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User Name Thread Name Subject Posted
Goose Gander Child Ballads survived in oral trad. (101* d) RE: Child Ballads survived in oral trad. 10 Sep 10

Sorry you feel insulted, Cap'n. I did not say that only traditional singers have "absorbed the tradition" only that there is a distinction between those who grew up with a specific tradition in specific time and place and those (like myself) who have come to traditional music from a very different direction, as one of many varieties of music that we enjoy.

Here's an example of what I mean: My extended family were "Okies" who came to California during the Depression. They worked agricultural jobs, stayed in FSA camps, benefited from New Deal programs and eventually achieved middle-class prosperity. I vaguely remember music and snippets of songs from when I was very young, but I never learned any songs from any one of that social group. After an apprenticeship in DIY punk rock, I discovered Woody Guthrie, Pete Seeger and others. I learned a few songs and thought I was a 'folk singer'. As time went on, I dug deeper into traditional American music in all its myriad forms. One day I stumbled upon Voices From the Dust Bowl at American Memory, and I decided to dig work my way through it track by track, learning some songs and absorbing idiom, style, etc. I must have done something right (or something very wrong) because occasionally when playing and singing someone will remark that I must have learned these songs from my family, etc. "No," I tell them. "From recordings." Sorry, but I just can't flatter myself that I'm equivalent to a traditional singer. What I do is not the same thing.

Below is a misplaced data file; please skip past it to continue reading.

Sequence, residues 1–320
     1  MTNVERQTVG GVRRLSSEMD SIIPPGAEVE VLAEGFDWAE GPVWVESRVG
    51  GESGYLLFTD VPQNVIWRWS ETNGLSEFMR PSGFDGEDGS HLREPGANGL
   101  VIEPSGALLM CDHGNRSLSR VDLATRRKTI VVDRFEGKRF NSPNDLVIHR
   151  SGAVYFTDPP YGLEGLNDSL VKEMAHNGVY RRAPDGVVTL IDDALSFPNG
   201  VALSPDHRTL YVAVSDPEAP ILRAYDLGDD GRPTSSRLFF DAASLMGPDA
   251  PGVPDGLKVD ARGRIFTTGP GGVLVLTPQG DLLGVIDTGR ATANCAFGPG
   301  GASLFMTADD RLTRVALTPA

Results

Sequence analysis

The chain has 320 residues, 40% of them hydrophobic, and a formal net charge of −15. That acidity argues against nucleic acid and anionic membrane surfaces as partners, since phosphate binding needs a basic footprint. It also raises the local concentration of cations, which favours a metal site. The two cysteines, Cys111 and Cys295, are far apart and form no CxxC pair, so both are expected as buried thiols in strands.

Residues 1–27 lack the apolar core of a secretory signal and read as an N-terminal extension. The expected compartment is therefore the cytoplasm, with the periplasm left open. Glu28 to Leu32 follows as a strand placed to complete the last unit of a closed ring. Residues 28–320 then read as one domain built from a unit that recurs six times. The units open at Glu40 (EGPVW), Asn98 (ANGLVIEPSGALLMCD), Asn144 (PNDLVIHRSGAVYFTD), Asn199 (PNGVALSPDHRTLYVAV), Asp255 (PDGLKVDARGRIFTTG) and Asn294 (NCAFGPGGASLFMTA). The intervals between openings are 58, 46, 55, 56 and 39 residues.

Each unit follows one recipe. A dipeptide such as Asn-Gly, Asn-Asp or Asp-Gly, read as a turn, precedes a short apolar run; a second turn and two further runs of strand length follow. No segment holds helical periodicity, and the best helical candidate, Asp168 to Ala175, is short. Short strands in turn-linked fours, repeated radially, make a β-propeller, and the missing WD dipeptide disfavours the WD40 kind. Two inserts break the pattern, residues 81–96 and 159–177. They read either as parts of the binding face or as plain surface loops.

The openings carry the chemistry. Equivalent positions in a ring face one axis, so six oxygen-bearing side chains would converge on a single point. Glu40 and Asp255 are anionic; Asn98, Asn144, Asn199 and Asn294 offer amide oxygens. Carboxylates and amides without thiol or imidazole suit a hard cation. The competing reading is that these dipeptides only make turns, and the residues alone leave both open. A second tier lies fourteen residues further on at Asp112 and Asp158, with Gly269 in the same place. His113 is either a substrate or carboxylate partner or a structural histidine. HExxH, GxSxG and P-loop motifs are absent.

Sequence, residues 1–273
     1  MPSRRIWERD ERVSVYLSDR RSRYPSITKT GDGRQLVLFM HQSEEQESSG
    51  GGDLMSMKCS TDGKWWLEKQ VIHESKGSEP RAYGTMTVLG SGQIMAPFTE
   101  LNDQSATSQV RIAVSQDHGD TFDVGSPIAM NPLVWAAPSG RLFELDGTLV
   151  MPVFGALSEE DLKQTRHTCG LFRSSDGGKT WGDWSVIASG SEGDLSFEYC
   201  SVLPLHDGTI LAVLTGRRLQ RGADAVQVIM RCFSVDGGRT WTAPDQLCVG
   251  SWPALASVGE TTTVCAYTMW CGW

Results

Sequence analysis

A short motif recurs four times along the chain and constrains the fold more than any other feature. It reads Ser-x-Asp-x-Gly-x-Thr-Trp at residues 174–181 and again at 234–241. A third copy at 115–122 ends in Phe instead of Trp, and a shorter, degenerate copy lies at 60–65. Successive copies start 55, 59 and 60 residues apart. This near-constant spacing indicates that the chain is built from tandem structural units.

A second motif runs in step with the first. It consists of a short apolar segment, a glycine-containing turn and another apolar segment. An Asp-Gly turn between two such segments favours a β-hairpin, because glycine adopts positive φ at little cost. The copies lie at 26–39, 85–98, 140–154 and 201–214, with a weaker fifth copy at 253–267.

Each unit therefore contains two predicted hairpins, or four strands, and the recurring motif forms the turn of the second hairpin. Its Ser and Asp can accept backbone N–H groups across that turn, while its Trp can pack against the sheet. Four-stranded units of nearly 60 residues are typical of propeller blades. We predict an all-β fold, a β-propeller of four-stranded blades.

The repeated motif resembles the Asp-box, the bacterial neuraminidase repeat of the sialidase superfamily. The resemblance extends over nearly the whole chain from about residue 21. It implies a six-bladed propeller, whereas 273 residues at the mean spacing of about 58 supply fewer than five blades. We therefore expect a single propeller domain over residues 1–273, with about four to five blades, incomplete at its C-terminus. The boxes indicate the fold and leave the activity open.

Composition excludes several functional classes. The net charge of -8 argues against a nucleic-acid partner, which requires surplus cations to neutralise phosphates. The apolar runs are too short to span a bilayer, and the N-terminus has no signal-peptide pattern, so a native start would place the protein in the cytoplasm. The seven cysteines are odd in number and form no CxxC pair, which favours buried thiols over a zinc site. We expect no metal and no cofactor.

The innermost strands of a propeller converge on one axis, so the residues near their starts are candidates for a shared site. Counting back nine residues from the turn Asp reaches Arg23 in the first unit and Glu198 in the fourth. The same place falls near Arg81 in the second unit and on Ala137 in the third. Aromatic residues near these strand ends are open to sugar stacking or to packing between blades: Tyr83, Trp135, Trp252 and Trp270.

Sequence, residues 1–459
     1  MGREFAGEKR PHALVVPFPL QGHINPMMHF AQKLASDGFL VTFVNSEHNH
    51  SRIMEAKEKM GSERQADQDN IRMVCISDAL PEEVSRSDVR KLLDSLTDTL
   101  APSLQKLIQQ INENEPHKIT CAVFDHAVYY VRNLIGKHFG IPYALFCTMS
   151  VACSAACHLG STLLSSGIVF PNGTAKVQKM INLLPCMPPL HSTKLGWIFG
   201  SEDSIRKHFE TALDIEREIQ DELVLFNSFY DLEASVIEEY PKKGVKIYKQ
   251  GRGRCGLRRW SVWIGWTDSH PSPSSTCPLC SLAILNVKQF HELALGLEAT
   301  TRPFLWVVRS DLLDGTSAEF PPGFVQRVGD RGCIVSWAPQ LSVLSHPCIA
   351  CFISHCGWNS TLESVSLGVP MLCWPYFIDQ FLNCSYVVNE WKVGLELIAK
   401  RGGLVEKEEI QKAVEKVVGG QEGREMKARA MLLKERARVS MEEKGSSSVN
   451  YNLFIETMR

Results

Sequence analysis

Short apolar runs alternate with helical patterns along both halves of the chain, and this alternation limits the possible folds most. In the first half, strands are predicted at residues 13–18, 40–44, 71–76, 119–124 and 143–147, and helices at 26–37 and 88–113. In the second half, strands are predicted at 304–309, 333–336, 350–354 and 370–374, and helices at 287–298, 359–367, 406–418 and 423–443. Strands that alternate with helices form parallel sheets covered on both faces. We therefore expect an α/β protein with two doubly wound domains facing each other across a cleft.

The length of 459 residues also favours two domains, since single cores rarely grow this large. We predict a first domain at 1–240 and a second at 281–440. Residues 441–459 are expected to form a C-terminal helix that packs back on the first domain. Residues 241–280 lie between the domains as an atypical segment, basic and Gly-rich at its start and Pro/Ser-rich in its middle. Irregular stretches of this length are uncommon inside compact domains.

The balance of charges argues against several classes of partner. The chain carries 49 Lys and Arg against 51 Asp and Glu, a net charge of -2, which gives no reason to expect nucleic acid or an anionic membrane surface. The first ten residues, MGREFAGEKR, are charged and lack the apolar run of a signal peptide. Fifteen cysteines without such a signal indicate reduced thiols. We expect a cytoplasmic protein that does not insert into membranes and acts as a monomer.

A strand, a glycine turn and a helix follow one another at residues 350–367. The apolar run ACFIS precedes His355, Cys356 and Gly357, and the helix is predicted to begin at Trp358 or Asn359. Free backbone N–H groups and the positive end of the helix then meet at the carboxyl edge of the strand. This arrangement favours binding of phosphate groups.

And please don't quote that fanatic mass murderer at me, that's just bad taste.

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